Joe Romm’s Fuzzy Math

April 23rd, 2008

Posted by: Roger Pielke, Jr.

[UPDATE: Joe Romm replies in the comments: "Roger -- Thanks for catching my C vs CO2 error.those are very hard to avoid. And thank you for this post. I probably should have elaborated on this issue already -- so I'll just do it in a new post, which will take me a few hours to put together. As you'll see, there actually isn't a gap in my math -- there is a gap in Socolow's and Pacala's math that most people (you included) miss. I'll leave it at that, for now, and Post the link when I am finished."]

Readers here will know that Joe Romm has been extremely critical of the idea that we need any new technological advances to achieve stabilization of atmospheric carbon dioxide concentrations at a level such as 450 ppm. Now Joe helpfully lays out his plan for how stabilization at such a low level might be achieved. It turns out that there is a significant gap in Joe’s math. Even the remarkably ambitious (some would say impossibly fantastic) range of implementation activities that he proposes cannot even meet his own stated goals for success. The only way for him to close the mathematical gap that he has is to rely on – get this — assumptions of spontaneous decarbonization of the global economy (and by this I mean specifically reductions in energy per economic growth and reductions in carbon per unit energy). In fact, the emissions reductions that he needs to occur automatically (i.e., assumed) for his math to work out are larger than those he proposes through implementation.

Joe relies on a useful concept from Pacala and Socolow (2004, PDF) called the “stabilization wedge” defined as follows:

A wedge represents an activity that reduces emissions to the atmosphere that starts at zero today and increases linearly until it accounts for 1 GtC/year of reduced carbon emissions in 50 years.

Each wedge thus equates to a reduction of 25 GtC over 50 years.

Joe starts out by observing that we are at about 8.4 GtC (“30 billion tons of carbon dioxide emissions a year”) and “rising 3.3% per year” (for consistency I am expressing all units in GtC, though do note that Joe switches back and forth with carbon dioxide). He says that “We need to peak around 2015 to 2020 at the latest, then drop at least 60% by 2050 (to 4 billion tons a year or less).” Here I think that Joe actually means 4 GtC and not carbon dioxide, which we’ll adopt as Joe’s chosen mid-century target value. Joe presents 14 proposed wedges worth of implementation: 4 are focused on efficiency, 4 on sequestration, and 6 on carbon-free energy totaling about 12.5 terawatts (compare).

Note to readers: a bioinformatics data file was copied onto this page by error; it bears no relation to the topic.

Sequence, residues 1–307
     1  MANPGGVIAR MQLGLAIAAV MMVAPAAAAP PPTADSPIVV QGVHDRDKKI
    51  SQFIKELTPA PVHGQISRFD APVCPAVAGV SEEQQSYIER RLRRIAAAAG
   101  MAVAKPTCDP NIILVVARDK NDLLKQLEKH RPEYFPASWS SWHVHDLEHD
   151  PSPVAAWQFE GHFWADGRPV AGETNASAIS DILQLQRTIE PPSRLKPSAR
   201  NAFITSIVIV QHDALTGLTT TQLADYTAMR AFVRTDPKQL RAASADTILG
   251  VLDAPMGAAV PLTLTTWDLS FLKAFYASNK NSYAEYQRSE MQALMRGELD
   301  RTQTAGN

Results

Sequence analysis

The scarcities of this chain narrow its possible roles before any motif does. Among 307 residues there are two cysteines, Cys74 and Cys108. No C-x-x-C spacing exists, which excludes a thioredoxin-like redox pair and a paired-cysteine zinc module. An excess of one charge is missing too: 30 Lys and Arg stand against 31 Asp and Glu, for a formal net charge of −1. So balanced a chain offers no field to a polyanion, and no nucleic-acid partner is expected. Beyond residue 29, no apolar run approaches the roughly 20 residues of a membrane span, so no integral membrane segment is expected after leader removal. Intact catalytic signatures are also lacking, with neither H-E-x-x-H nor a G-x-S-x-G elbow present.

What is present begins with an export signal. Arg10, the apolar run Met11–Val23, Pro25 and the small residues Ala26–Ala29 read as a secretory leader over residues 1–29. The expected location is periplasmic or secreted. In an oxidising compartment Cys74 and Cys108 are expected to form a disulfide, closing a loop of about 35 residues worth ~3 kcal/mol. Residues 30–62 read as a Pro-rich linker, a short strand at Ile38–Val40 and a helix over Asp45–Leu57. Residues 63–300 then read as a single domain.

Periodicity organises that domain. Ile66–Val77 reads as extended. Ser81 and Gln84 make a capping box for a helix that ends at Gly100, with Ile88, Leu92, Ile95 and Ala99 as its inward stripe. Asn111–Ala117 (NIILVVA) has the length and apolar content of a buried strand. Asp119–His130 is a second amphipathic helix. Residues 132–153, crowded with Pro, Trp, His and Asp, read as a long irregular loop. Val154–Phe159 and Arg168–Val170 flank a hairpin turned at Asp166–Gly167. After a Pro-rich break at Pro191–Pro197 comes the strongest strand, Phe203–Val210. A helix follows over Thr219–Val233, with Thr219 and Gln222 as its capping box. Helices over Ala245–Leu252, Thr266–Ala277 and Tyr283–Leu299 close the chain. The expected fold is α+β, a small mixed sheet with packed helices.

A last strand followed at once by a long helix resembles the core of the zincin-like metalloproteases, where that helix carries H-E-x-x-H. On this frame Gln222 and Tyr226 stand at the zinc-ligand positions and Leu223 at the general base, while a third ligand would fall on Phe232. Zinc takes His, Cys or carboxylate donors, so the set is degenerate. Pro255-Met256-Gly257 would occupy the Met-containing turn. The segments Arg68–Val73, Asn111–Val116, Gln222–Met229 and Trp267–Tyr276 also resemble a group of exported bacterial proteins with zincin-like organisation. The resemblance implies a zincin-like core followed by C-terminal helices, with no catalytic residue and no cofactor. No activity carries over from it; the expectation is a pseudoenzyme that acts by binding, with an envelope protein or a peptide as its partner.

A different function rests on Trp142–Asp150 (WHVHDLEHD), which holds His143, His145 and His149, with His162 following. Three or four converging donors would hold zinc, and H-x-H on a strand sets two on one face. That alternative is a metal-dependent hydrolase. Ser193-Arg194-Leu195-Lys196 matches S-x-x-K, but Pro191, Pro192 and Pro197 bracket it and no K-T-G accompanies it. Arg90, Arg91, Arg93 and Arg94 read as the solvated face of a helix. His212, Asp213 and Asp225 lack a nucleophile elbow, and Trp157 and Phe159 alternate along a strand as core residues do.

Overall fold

OK, let’s look at the math that Joe provides and how his proposed actions square with his goal. Let’s set aside political realism and all that, and just focus on the simple arithmetic of mitigation. If emissions continue to rise at 3.3% per year then by 2058 total global emissions will be about 42 GtC. With Joe’s 14 wedges all successfully implemented that would equate to an emissions reduction of 33% to 28 GtC per year, falling 24 GtC (i.e., 24 wedges)short of his goal of 4 GtC.

Well, you might say that emissions rising at 3.3% per year is unrealistic; after all, in the last two decades of the last century the global economy became more efficient and the world relied on less carbon intensive sources of fuel. The rate of this decline from 1980-2000 was about 1.0% per year, so maybe it’ll happen again at this rate from 2008-2058. Why not? Increasing emissions at the lower rate of 2.3% per year would indeed make a huge difference, meaning that total emissions in 2058 would be about 26 GtC – representing a reduction equal to the contribution of 16 wedges!! Yet even with this generous assumption of 16 free wedges, after we subtract Joe’s 14 wedges we’d still be left with an annual emissions gap of 12 GtC.

But wait, the careful reader might object, and report to us that Joe already assumes vast improvements in efficiencies — in fact 4 total of his 14 wedges. Is it reasonable to assume that we can get 20 (16 free + 4 from Joe) wedges of improved energy efficiency and decarbonization of the energy supply? Maybe, maybe not, but the assumption sure helps the math. And yet it still doesn’t get us all of the way to Joe’s goal.